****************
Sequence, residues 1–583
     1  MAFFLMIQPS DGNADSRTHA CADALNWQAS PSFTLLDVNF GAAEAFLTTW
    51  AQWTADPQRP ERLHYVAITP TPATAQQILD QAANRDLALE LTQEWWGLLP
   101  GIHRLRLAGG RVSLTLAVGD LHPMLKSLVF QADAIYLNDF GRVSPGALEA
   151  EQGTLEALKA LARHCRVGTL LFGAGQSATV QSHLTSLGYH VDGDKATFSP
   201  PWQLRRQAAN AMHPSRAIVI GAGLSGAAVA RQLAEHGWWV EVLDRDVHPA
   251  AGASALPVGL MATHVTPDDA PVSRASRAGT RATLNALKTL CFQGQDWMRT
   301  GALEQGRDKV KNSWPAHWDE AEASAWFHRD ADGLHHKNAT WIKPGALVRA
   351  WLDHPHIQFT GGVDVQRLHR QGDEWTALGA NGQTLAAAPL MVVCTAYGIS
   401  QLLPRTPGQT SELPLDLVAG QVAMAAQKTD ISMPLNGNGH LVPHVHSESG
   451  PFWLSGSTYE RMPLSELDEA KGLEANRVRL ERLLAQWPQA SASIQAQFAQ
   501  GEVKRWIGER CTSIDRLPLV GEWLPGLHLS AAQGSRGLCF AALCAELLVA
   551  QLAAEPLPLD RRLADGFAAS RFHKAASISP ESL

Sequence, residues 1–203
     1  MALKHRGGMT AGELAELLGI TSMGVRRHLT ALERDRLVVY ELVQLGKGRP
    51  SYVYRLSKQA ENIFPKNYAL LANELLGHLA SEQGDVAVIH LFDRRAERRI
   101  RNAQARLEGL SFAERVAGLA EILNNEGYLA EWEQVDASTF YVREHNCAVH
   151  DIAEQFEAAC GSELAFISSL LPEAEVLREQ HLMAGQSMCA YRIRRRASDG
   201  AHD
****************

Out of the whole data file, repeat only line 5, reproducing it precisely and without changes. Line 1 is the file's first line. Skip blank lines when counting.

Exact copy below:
   151  EQGTLEALKA LARHCRVGTL LFGAGQSATV QSHLTSLGYH VDGDKATFSP